This was the fifth Falcon Heavy launch.
SpaceX’s heaviest rocket, the Falcon Heavy, lifted off from NASA’s Kennedy Space Center in Florida on Sunday at 5:56 p.m. local time, launching a classified mission for the US space force called USSF-67.
The Falcon Heavy consists of three modified first stages of the SpaceX Falcon 9 rocket that are designed to be reusable. The two boosters successfully returned to Earth, with the side boosters landing safely at the Space Force station at Cape Canaveral eight minutes after launch. For each of them it was the second landing. The central booster was new and crashed into the Atlantic Ocean as planned shortly after launch on Sunday, using too much fuel to return to base.
USSF-67’s main satellite is Continuous Broadcast Augmenting SATCOM 2 (CBAS-2), which is heading into geostationary orbit at an altitude of about 35,700 km above Earth.
CBAS-2 will provide communication relay capabilities. The mission of CBAS-2 is to expand existing military satellite communications capabilities and continuously transmit military data via space-based satellite relay links.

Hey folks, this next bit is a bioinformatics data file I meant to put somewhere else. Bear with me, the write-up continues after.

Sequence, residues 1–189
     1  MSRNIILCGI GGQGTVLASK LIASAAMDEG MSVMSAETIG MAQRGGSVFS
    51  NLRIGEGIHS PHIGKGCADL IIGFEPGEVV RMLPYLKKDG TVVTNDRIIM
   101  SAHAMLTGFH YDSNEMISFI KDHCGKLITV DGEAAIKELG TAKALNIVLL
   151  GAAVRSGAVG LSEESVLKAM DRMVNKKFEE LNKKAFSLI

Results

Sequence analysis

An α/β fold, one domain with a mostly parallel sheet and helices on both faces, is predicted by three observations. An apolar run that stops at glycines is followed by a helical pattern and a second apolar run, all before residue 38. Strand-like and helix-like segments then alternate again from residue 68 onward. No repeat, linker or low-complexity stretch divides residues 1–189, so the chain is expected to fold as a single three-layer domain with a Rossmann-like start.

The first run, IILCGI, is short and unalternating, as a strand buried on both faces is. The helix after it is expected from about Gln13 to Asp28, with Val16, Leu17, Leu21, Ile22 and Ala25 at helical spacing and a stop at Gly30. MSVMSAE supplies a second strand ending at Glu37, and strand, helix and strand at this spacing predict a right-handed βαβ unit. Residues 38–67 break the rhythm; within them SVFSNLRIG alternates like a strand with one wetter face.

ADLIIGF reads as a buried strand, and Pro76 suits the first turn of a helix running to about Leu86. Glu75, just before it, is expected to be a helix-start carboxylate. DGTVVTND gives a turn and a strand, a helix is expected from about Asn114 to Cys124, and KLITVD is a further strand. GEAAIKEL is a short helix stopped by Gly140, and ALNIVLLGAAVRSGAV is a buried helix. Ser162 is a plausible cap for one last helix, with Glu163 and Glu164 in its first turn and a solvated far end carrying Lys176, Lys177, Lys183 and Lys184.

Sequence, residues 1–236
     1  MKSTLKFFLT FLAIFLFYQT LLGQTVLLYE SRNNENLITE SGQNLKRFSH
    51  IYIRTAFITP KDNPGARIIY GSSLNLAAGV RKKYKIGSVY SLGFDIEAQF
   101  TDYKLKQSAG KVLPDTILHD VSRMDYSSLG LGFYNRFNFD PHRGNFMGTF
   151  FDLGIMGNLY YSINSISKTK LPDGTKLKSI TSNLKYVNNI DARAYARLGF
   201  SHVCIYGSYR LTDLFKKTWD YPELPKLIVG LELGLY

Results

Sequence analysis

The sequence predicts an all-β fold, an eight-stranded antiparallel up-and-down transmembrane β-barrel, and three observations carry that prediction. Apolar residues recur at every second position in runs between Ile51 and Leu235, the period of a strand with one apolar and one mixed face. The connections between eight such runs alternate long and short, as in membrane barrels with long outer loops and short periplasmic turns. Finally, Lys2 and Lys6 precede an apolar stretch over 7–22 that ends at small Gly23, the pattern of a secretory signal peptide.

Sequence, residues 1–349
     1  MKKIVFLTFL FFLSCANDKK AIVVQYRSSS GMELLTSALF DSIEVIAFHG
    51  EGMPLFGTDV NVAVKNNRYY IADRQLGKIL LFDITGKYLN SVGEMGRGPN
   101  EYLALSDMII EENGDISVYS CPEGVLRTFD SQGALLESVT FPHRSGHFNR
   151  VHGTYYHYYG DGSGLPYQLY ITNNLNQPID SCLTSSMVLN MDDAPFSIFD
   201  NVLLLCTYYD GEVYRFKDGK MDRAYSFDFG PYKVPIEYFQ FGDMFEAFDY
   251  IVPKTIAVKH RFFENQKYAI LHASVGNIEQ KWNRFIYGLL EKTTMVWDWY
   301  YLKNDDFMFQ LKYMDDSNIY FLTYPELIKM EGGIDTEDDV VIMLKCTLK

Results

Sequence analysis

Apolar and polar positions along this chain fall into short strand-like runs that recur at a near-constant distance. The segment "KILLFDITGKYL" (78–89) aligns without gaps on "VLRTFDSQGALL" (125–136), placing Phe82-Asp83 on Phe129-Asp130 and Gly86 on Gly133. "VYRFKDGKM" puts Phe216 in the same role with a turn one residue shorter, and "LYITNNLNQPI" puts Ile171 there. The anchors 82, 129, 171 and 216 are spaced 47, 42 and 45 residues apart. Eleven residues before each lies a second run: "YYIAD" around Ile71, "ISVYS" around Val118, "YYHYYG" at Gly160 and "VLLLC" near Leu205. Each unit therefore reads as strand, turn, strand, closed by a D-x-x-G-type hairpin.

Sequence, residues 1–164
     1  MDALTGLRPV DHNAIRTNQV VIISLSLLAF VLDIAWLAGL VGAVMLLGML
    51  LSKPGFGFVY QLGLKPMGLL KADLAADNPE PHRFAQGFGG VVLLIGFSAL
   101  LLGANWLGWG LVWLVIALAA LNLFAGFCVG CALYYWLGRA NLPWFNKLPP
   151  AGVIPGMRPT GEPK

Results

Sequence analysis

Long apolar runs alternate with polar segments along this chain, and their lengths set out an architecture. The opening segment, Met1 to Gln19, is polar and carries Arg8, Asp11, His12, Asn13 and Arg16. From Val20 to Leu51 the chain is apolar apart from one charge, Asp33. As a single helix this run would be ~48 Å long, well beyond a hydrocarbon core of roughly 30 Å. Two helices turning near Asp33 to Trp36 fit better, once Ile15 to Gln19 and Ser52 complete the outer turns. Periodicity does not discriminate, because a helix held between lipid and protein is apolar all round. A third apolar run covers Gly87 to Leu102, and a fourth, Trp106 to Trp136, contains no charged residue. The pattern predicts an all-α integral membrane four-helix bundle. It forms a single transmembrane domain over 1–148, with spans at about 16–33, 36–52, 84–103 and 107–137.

US Space Force
USSF-67 also carried the Long Duration Propulsive ESPA (LDPE)-3A, a payload adapter that can hold up to six small satellites, according to EverydayAstronaut.com.
The LDPE-3A carried two Catcher and WASSAT satellites for the Space Systems Command, a branch of the Space Force that is responsible for developing and maintaining the space capabilities of US fighters. Catcher is a prototype sensor designed to track possible hazards caused by space weather. WASSAT is designed to monitor other satellites and collect data on their trajectories and anomalies.
This was the fifth Falcon Heavy launch. The November launch of USSF-44 was the first Falcon Heavy mission in more than three years. The remaining three Falcon Heavy launches took place in June 2019, April 2019 and February 2018.